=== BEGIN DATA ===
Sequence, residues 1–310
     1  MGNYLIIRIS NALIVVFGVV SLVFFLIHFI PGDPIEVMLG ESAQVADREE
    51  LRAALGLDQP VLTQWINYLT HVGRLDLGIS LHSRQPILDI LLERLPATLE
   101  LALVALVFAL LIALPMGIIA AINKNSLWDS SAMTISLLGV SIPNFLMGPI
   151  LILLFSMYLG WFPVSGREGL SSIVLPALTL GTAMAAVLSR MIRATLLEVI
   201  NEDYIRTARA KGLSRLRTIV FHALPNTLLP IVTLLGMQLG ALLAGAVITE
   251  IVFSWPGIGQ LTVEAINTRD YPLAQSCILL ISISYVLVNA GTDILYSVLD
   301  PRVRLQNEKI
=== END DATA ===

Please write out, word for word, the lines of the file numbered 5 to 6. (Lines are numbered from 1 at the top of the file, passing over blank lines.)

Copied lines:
   151  LILLFSMYLG WFPVSGREGL SSIVLPALTL GTAMAAVLSR MIRATLLEVI
   201  NEDYIRTARA KGLSRLRTIV FHALPNTLLP IVTLLGMQLG ALLAGAVITE